GLENVILLE, W.Va. – Several Glenville State College students within the Department of Land Resources recently traveled to Lewis County to participate in a volunteer trash pickup around Stonewall Jackson Lake.
The group of students, along with Academic Laboratory Instructional Assistant Tom Snyder, joined C. Scott Hannah, a Natural Resources Specialist – Park Ranger at Stonewall Jackson Lake.
A Glenville State graduate himself, Hannah says that volunteer opportunities benefit the lake property and the student volunteers alike.
“The U.S. Army Corps of Engineers, Stonewall Jackson Lake, strives to develop and continue partnerships with our college community through volunteer programming to improve and preserve our natural landscape for years to come. In addition, volunteer programming allows students to get familiar with the Corps Mission with a hands-on experience and open a doorway for recruitment opportunities for their career path. Historically, many Glenville State College students have been hired and excelled within the Corps Family,” said Hannah.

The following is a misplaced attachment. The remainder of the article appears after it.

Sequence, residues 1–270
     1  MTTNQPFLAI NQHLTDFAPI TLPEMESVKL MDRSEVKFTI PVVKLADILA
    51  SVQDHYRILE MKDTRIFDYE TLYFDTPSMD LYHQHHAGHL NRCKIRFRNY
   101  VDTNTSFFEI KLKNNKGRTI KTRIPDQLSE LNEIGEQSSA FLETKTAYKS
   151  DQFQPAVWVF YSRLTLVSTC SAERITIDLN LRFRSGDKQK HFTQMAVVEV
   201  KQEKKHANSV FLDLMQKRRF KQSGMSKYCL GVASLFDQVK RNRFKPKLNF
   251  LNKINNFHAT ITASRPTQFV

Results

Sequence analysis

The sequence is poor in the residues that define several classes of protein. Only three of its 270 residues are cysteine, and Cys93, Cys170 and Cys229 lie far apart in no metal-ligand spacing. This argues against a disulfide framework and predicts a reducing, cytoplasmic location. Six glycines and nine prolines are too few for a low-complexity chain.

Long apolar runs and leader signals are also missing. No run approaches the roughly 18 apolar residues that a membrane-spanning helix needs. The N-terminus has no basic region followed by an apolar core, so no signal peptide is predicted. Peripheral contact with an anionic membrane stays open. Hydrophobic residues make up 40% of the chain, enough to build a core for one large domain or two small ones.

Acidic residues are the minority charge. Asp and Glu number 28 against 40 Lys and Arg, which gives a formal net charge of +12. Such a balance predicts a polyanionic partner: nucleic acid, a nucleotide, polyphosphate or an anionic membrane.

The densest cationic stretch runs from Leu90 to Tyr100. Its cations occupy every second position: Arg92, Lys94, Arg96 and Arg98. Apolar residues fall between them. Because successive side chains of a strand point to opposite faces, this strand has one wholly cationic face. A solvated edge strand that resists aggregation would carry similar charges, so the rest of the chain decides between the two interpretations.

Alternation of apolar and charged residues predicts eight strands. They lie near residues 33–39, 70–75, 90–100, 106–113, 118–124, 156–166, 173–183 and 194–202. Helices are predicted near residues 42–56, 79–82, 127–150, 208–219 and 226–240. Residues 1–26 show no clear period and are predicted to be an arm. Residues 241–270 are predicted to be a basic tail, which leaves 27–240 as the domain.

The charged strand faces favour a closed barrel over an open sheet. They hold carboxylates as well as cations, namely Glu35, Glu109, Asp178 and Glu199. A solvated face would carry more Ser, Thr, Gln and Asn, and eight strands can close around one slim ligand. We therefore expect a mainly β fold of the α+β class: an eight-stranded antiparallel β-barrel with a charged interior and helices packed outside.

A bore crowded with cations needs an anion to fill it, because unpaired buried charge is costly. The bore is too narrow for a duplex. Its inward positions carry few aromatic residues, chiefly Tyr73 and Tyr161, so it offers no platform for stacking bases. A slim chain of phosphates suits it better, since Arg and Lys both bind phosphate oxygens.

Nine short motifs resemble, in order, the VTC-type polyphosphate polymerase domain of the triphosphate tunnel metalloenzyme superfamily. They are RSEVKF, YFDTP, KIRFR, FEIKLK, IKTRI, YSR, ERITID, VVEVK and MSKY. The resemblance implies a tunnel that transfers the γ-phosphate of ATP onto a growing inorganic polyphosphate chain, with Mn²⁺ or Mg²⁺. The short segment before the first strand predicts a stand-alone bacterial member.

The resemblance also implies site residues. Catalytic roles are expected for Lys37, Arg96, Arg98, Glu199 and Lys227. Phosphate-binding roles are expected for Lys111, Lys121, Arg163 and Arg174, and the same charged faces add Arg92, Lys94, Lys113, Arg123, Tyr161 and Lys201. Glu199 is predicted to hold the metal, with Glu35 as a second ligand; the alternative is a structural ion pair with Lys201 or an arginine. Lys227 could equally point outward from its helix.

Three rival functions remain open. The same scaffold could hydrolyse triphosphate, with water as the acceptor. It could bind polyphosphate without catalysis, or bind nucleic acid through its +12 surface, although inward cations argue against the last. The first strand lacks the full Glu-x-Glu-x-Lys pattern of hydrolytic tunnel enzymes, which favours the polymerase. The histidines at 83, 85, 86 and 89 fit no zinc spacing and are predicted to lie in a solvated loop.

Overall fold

Hannah says that Glenville State helped him earn a career with the U.S. Army Corps of Engineers over the past 21 years, from a student ranger to a lead ranger. He has worked at Burnsville, Sutton, R.D. Bailey, and Stonewall Jackson Lakes.
“Stonewall is a beautiful lake, and I’m glad we had the opportunity to help clean up one of the areas most affected by littering. We had a small turnout, but I think we did a great job, and I appreciated the dedication and hard work that the other members, Mr. Snyder, and Ranger Hannah displayed in the cleanup,” said Lexi Pletcher, a senior Natural Resource Management student and one of the volunteers. “Everyone who helped out agreed that it was a great experience, and we actually had a fun time. We all recognize the importance of keeping areas around waterways clean, not just for recreational and aesthetic purposes, but for the health of wildlife and water quality as well.”
Within a few hours, the group had collected quite a bit of trash – enough to fill a full-size long bed pickup truck twice.